There are few more maligned and misunderstood American musical subcultures than Juggalos. Despite recent re-evaluation and attempts at image rehab from some engaged critics, the community of fans around the mythmaking Detroit rap duo Insane Clown Posse tend to be skewered and vilified in all kinds of bad-faith ways. They’re still perceived by much of the dismissive mainstream as either insidious presence or punchline, and those extremes are what make director Sean Dunne’s American Juggalo and American Juggalo 2 stand out, with an observant approach that gives Juggalos a chance to speak for themselves.
American Juggalo takes place at the Gathering of the Juggalos, the long-running ICP festival at Cave-In-Rock, Illinois. Dunne gets a lot of mileage from the question “What does being a Juggalo mean to you?” eliciting a wide range of illuminating perspectives. Most interviewees emphasize family over debauchery, with professions of devotion to and love for their community alongside, say, a love for explosives. Some dissonance remains, though there’s little judgment.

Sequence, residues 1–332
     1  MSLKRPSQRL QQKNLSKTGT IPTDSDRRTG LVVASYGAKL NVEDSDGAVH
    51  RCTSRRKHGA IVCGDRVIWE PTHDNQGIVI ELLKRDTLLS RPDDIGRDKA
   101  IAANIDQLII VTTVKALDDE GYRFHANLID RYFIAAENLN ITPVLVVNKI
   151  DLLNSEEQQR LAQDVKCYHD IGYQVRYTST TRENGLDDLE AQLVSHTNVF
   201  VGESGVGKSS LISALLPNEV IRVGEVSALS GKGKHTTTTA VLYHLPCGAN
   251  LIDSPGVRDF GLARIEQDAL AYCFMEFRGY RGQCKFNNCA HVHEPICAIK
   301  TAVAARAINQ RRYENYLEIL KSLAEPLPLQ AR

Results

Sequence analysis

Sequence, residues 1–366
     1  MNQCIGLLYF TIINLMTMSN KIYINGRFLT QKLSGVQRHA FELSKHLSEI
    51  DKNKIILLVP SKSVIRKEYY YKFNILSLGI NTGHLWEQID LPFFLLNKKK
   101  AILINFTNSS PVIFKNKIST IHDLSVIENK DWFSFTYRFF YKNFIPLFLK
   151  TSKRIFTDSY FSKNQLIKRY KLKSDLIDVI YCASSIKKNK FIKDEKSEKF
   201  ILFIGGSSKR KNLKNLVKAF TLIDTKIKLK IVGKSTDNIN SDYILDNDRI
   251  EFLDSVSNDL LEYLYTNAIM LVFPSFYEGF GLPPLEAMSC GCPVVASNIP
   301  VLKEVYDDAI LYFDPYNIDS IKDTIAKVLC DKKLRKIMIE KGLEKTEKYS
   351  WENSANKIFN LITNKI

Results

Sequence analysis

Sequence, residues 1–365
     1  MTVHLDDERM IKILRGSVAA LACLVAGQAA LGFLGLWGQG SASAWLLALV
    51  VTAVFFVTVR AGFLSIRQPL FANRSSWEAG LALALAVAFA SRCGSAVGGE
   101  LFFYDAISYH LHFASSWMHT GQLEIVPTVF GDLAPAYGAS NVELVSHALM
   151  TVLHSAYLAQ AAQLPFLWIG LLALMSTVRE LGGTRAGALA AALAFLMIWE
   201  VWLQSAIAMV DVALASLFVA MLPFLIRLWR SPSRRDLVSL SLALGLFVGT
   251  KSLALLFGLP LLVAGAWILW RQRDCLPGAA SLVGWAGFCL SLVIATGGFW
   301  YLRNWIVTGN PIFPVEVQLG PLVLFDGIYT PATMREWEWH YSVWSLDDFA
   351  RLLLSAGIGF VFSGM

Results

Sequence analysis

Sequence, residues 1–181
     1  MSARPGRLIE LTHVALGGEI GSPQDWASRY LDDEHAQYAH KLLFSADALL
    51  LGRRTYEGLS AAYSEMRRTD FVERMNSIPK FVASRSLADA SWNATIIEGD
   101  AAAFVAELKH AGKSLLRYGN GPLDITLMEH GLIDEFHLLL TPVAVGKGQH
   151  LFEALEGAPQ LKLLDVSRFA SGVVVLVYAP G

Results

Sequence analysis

There are touching moments, such as one woman celebrating a fellow Juggalo doing more for her than her own family, or a man describing his sense of life’s meaning as he sits on the waiting list for a kidney donation. It’s the balance that counts, as Dunne shows the motivations and nuances of these make-up wearing, Faygo-spraying, “Whoop Whoop!”-ing attendees in a way that feels far more fair than usual.
The sequel is an even more contemplative character study, this time focusing on Alexander “Less Legs” Perkins, a Juggalo who lost his legs in a train accident and finds place and meaning in the community. Centering Less Legs’ own raps, which narrate his own rise, fall and rebirth as a Juggalo, it’s an unflinching look at loss and the transformative power of the community. Together, the two shorts are an entertaining and thoughtful one-two punch, clarifying and highlighting the depth of Juggalo fandom on a collective and individual level.